So, that kind of soured my taste in Pixar a bit. But no matter, they could improve later on, right?

Unfortunately, no. Because right after Brave they released Monsters University, a movie which, while enjoyable and did have a great moral, did not garner the same praise as its predecessor, Monsters Inc. (a movie I hold dear to my heart). But what bothered me about this film is that, in addition to proving that Pixar hasn’t quite gotten its creative mojo back, is that, right after the  portrayal of women in Brave, it becomes…really uncomfortably sexist.

For starters, the cast is almost entirely male-dominated. Celia and Boo are nowhere to be seen, Roz makes a brief cameo, Dean Hardscrabble desperately needed more screen-time, and Sheri Squibbles, while funny and likeable, serves mostly as supportive comic relief (and nothing else). Worse still, there’s an entire sorority team of female monsters that all look exactly the same and fall into the negative (and overused) stereotype of ultra-girly, ultra-spoiled, vapid brats. The other sorority teams and female characters have no real development and one-dimensional characterization, and there’s even a(n unnecessary) scene where Sulley does his ‘cool shtick’ of pointing at someone and making clicking noises at two passing female monsters. It’s mostly inoffensive, but as someone who has men make rude noises at me, it struck a bit of a personal nerve.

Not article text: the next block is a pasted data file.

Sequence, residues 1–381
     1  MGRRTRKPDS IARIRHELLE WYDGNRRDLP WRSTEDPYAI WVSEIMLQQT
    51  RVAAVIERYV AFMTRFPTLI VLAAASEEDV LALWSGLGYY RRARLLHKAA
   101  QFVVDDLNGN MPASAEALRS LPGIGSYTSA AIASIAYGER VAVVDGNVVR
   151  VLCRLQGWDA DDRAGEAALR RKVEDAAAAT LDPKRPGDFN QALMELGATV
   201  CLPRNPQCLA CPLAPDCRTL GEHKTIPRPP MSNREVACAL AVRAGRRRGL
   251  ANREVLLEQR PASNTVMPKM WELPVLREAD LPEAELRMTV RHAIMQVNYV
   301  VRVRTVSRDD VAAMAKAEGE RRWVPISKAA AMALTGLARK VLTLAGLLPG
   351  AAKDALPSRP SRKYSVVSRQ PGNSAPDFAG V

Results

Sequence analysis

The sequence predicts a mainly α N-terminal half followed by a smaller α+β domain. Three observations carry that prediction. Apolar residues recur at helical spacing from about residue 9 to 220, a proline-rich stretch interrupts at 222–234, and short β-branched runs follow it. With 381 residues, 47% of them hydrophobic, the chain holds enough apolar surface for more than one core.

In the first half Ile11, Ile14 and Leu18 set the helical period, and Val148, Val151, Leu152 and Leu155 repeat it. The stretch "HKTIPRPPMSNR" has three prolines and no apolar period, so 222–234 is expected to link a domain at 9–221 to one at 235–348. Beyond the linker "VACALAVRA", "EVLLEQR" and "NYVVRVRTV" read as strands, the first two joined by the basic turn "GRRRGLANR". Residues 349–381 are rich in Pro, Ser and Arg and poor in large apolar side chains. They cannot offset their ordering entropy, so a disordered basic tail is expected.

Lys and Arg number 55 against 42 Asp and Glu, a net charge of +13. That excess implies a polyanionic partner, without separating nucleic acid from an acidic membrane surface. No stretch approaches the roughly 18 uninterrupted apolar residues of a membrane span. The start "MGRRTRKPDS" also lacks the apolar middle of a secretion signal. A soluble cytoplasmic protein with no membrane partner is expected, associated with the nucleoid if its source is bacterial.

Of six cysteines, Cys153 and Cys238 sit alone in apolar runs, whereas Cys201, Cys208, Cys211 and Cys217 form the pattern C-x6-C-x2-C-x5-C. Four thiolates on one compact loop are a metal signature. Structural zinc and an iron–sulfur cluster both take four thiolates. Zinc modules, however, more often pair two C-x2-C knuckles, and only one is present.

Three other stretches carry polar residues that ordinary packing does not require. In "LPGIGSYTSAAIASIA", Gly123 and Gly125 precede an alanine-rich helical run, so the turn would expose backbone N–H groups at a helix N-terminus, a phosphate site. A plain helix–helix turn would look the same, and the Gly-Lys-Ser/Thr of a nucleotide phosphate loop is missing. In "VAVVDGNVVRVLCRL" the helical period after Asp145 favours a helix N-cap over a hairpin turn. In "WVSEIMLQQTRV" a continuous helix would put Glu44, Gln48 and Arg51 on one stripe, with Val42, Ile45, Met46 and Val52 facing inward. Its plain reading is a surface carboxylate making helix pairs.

What the hell? You were finally starting to make progress with Brave, why did you regress so drastically? I tried to keep my hopes up for the studio, but things only started to get worse.